This interview was conducted with a Cuban engineer who has been living in Nicaragua for the last 7 years and has been working as a college professor at a private Nicaraguan university. He has lived in the United States for a few years, among other places, and was consequently able to give a very down-to-earth view of Nicaragua. All interviews with him are in English.
You mentioned that swimming was your favorite activity. So what do you think of the beaches?
I enjoy the beaches anyplace in the world.
Well what do you think of the Nicaraguan beaches?
I've only been to Pochomil on the Pacific, and as I told you, I always enjoy beaches but I didn't like Pochomil.
Because I'm used to the Caribbean beaches, they have no waves and it looks like a big swimming pool. And Pochomil was a wave after another one and you can't enjoy swimming, at least my kind of swimming. I agree that sunbathing and all that is nice, but I prefer the Cuban beaches. I've heard that in Corn Island they have very nice beaches--my kind of beaches.
What have you been doing in the six years that you have been in Nicaragua?
I tried in the beginning to work as an engineer-I am an engineer--but there is no work for Nicaraguans so how could I expect to get a job here? I have been a teacher since 1978, I teach Calculus, so I decided to look for a job in schools.
What kind of schools have you been working at?
Since I have been here I have worked at ANS, the American Nicaraguan School, and I began teaching at the English Language Institute at night and I later switched to a university, UAM.
What differences have you noticed between the universities here and those in Cuba?
In my home country, you know it's a Socialist country, actually it's a Communist country, then education is free. As education is free, everyone can go to a university and even though the universities are large capacity there is not enough room for everyone. So, that allows the government to be very severe with education--very hard in the acceptance of students, to be very hard on the tests-because for those students who fail it's their problem and it's good for the government too because they can get rid of them, the students that don't have the capacity for a career.
So you're saying that there are a lot of students here who don't have that capacity?
Yes, there are students in the universities here, I teach in a private university, that even though I didn't teach them before they came I know that their high school was very bad.
Then you think that there is a major problem with the education that the children are receiving in elementary and high school?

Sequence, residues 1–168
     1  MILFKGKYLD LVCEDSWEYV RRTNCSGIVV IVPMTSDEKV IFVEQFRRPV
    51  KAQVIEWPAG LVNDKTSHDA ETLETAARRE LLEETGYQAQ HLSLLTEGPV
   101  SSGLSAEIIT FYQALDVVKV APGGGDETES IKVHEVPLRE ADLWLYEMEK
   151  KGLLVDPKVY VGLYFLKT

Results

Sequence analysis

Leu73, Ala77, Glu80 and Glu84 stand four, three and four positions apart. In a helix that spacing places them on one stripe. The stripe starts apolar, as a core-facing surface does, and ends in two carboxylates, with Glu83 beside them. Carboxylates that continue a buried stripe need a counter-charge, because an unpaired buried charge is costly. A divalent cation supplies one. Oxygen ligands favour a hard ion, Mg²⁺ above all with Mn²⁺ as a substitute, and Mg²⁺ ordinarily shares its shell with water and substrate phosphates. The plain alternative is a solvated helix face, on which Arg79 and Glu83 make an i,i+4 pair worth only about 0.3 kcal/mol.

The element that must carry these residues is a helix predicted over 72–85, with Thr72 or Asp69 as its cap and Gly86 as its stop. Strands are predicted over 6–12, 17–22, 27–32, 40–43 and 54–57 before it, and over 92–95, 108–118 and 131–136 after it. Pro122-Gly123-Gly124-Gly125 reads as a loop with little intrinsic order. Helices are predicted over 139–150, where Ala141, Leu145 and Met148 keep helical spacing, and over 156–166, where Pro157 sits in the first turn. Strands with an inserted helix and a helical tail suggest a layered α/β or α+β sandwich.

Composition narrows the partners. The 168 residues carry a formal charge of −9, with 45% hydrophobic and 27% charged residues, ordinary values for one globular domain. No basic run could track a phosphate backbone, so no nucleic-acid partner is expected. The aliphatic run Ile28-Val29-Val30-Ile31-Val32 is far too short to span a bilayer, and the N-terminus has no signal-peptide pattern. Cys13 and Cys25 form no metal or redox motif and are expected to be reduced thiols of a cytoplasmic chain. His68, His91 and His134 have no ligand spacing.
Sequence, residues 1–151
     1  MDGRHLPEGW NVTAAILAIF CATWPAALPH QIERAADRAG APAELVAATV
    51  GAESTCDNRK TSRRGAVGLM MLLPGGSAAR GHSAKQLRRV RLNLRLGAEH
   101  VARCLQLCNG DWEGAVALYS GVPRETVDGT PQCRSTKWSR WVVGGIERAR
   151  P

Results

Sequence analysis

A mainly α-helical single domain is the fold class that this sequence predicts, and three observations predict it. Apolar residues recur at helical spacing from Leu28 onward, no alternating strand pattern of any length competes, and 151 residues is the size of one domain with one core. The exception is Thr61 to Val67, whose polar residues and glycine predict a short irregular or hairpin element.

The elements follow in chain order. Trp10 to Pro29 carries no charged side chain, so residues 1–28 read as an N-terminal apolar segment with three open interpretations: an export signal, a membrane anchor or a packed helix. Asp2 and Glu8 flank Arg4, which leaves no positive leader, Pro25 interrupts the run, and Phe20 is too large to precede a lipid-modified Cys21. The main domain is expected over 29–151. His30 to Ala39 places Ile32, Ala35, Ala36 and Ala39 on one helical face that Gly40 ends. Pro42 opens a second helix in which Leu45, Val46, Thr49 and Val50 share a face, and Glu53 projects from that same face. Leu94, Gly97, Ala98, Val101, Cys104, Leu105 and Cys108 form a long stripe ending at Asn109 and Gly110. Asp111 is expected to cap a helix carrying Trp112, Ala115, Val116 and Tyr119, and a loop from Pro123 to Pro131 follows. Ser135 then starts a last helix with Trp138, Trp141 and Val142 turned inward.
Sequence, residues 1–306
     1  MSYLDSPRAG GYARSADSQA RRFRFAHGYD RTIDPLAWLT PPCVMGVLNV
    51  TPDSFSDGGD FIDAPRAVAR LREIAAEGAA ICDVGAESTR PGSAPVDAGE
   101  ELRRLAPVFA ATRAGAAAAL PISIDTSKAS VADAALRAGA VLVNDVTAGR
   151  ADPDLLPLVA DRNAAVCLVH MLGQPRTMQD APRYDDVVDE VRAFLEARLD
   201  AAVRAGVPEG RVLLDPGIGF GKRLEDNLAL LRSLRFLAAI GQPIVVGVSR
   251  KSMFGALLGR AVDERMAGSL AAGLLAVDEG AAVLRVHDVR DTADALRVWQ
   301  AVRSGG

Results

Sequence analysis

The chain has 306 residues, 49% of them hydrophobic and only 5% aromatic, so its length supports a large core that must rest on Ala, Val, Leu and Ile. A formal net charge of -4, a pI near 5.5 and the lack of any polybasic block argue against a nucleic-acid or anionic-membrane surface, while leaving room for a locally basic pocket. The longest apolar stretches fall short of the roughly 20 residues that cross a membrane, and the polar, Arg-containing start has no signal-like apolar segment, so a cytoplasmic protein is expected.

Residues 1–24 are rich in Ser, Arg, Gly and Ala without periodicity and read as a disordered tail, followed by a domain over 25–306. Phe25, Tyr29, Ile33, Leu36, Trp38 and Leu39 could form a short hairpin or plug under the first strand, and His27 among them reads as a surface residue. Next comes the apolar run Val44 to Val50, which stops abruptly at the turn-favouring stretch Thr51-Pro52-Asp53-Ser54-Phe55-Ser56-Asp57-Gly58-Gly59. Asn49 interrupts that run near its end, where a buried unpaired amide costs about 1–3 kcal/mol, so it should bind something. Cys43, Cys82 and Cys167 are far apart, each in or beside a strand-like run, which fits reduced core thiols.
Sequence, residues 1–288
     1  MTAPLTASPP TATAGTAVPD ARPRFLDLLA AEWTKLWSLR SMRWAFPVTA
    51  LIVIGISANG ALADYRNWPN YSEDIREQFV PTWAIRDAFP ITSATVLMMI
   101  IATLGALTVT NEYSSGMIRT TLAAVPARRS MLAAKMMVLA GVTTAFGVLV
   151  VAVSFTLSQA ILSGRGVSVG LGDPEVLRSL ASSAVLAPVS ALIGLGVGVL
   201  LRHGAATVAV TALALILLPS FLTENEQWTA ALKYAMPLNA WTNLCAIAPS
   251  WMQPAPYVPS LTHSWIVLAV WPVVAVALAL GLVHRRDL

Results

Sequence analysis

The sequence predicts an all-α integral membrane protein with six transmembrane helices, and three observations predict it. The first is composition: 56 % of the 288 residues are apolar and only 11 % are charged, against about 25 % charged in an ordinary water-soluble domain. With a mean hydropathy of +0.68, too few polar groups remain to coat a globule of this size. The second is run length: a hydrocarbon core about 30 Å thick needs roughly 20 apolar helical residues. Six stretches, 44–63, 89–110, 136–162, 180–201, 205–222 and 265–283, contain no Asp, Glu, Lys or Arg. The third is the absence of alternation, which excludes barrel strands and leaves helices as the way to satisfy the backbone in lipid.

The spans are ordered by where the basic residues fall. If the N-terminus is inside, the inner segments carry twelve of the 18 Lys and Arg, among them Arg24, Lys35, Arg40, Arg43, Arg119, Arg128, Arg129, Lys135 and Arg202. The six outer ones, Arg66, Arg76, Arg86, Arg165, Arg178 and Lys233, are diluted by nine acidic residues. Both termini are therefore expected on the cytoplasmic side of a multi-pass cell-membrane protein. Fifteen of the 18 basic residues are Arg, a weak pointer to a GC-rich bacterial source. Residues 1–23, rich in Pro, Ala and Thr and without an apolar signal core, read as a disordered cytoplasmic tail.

Yes, well, you can see it in the streets. You can see the public schools by the road and watch from outside. In the public school here there are not good conditions, they have no budget, so the opportunities for those kids are very few.
What is your opinion concerning the illegal aliens living in the US and the government's policy toward them?
Well really I have always thought... I was raised in the States and I could see in the time that I was there that there were not so many Cubans. There were more Puerto Ricans and people from the Dominican Republic. And even though I was a kid I observed that North America wasn't... they couldn't talk about the United States citizens or United States raised like Cubans. Cubans, we are Cubans. In the United States that's not so easy to say because the people are from Poland, Germany, Latin America and they're all mixed up. So you can't talk about a North American being one hundred percent pure. And I think that's a problem--a country has to take care of that. I'm sorry that the analogy I'm going to use now is about a crocodile, but no hard feelings, OK? In Cuba we have a beautiful crocodile--the Ron Bifel, that's the species--and we take care of it. Crocodiles from other parts, believe it or not the come from Florida because there's a part of water from Florida to Cuba that is sweet water, and these alligators--they're alligators not crocodiles--come from Florida looking for Cuban females because they're really beautiful (I'm referring to the crocodiles) and when we see that we go after the Florida alligators and try to kill them because we want to keep the female crocodiles closed so that they can only match with Cuban males because we want them to keep on being Cuban crocodiles. It happens the same with the population. We should try to have our own population. So I don't think it's good--this policy with migration.